We initially thought there would be little appetite from policymakers to learn more about CBE when we included it in our recommendations for the Obama Administration’s second term. To our surprise, there was a lot of interest, both from those in the Administration and on Capitol Hill. Because of this, we set out to learn as much as we could about districts that have had success with a competency-based system in order to inform our advocacy efforts. 

In addition to reading countless reports and policy briefs on the subject, the most important part of our research involved speaking with those leading this work on the ground.  As we had these conversations, two things became clear:


  1. Because of federal and state policy barriers, resistance to change by various stakeholders, and the work it takes to change a district’s culture, this work isn’t easy.
  2. There are a number of commonalities across the districts that are implementing CBE well.

In order to better understand these commonalities, we interviewed nine thought leaders and policymakers along with 19 superintendents from 10 different states. We asked them to review a draft set of conditions containing our best thinking, giving us feedback about what seemed right, what seemed wrong, and what was missing.  Based on these conversations, we were able to refine the district conditions into what they are today.  These conditions, including instruction, assessment, professional and leadership development, and partnerships, may seem familiar. But, when implemented in a personalized learning district and aligned with the meta-themes below, they look and feel different than if they were occurring in a tradition school setting.

While the conditions themselves are extremely important, it is the meta-themes that serve as the connective tissues of the conditions and are the reason that a district must implement each of the ten conditions in order to successfully scale practices to improve teaching, learning, and student achievement.

Vision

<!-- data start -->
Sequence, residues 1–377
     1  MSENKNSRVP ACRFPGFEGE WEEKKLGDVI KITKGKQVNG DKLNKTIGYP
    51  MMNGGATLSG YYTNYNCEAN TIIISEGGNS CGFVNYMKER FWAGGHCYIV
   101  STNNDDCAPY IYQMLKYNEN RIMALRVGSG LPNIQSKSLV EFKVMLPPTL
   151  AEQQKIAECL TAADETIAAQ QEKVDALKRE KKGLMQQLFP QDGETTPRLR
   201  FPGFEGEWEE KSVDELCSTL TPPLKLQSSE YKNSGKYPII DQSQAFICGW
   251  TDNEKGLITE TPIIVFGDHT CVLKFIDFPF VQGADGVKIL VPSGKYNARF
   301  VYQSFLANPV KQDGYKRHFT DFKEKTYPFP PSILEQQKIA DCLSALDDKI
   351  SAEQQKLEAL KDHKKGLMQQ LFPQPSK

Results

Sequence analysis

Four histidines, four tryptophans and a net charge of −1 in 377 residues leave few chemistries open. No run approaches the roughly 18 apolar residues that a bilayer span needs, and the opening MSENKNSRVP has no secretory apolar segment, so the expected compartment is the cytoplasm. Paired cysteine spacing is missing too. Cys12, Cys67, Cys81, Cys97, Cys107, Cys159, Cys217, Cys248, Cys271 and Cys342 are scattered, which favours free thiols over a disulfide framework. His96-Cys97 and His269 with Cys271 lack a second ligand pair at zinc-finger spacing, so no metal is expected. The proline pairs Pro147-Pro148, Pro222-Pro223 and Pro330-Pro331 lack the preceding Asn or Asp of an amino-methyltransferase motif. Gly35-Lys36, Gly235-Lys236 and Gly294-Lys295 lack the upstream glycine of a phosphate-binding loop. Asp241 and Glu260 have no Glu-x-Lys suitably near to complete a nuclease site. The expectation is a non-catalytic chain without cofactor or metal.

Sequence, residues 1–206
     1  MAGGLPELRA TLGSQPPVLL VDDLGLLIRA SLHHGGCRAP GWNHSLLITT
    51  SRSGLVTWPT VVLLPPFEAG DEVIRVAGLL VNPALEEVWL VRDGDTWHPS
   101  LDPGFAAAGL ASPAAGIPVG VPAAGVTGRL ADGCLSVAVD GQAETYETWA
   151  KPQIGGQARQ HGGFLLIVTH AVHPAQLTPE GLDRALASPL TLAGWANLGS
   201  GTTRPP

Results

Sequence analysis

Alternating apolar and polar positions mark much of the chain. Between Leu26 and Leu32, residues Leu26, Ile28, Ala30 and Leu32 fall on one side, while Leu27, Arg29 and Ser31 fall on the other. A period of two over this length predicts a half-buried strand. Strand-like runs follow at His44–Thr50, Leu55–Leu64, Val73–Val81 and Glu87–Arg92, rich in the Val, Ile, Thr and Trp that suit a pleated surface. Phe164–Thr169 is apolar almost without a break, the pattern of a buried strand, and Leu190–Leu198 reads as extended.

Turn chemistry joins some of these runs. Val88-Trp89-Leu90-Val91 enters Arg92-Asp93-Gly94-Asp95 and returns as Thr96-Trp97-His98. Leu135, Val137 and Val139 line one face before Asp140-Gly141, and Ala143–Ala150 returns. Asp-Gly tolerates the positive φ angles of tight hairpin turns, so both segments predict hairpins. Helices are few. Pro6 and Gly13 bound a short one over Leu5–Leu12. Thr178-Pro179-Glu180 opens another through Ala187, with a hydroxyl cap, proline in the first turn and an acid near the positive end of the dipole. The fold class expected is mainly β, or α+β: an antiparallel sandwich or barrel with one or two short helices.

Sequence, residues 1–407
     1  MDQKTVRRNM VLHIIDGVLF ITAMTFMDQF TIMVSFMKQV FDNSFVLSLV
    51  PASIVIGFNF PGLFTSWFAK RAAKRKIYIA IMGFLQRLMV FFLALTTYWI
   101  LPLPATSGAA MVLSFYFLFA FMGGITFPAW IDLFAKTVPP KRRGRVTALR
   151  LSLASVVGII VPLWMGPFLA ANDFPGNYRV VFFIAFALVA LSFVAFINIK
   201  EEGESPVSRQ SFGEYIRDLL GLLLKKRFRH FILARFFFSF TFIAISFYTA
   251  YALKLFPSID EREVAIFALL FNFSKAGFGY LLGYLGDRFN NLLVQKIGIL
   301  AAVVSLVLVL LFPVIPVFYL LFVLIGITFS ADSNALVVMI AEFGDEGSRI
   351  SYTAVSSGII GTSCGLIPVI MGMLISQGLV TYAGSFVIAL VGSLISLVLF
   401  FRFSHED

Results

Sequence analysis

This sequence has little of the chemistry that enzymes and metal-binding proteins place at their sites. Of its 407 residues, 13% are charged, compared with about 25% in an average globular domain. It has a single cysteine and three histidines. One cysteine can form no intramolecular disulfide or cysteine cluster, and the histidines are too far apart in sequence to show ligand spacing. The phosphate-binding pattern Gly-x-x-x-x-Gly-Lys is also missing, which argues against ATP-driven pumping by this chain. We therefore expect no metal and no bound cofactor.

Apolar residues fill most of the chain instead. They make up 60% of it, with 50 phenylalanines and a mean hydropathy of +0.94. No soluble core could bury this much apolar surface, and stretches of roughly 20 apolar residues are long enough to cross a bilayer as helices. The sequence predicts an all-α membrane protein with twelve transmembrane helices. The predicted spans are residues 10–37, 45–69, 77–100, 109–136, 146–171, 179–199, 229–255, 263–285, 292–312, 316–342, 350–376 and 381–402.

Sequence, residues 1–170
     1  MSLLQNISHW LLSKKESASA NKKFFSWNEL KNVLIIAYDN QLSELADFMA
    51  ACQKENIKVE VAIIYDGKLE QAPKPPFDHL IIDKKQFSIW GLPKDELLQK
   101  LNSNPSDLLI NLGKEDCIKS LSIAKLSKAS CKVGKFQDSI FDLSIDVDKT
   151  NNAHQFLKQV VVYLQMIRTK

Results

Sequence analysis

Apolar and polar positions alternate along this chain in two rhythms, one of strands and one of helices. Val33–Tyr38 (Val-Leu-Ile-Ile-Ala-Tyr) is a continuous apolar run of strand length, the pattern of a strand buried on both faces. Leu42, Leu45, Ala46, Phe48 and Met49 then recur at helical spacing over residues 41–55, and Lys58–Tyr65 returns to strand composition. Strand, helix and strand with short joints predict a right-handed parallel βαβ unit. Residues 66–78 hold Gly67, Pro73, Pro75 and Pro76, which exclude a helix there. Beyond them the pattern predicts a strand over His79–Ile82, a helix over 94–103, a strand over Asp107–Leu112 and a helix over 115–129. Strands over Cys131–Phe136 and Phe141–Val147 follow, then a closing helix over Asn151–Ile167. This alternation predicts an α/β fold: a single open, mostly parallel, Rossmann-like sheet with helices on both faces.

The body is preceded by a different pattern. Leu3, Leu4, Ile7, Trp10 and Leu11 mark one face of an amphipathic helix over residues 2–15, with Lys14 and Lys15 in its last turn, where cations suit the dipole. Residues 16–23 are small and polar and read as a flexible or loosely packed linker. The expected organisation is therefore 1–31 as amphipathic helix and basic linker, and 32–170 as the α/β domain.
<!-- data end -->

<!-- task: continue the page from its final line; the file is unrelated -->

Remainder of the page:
The district’s vision should include the guiding principles on which each decision a district makes should be based.  Each of the conditions should be aligned to the district’s vision for teaching and learning.

Culture
The vision clearly informs the culture each district is trying to create.  A strong culture will encourage risk-taking among district and school leaders and teachers while enabling innovation at every level of the district.

Transparency
Transparency allows everyone in the district, from board members to community partners to parents and students, to take chances without fear of failure.  By encouraging transparency, everyone in the district is better able to make decisions based on the best interests of the students.



To further assist districts in their difficult, but worthwhile, efforts to transition to personalized learning, KnowledgeWorks is in the process of creating a toolkit to help districts put these conditions in place. In addition, we are creating a policy framework that states can implement to support districts in their efforts. The toolkit and policy framework will be published in June of this year and will be released via the KnowledgeWorks newsletter. In the end, our goal is the realization of our forecast’s vision of radically personalized learning for all.

_____________________

Jesse Moyer currently serves KnowledgeWorks as Manager of Strategic Initiatives.  In this role, Jesse manages research support of KnowledgeWorks' publication/thought leadership strategy, works closely with various states on education advocacy opportunities, and provides leadership for special projects that cut across the Policy and Communications team and the entire organization.  Prior to his current role, Jesse served as Coordinator, Organizational Learning and Innovation, helping organizations think differently about the world they wanted to create, primarily through his work with KnowledgeWorks’ future educational forecasting.

Before joining KnowledgeWorks, he served as Director of Chapter Services for Phi Delta Theta Fraternity General Headquarters, directing membership education and support activities for more than 10,000 undergraduate members on over 150 campuses across the United States and Canada.

Jesse earned a Master of Education from Xavier University and a Bachelor of Arts from the University of South Dakota.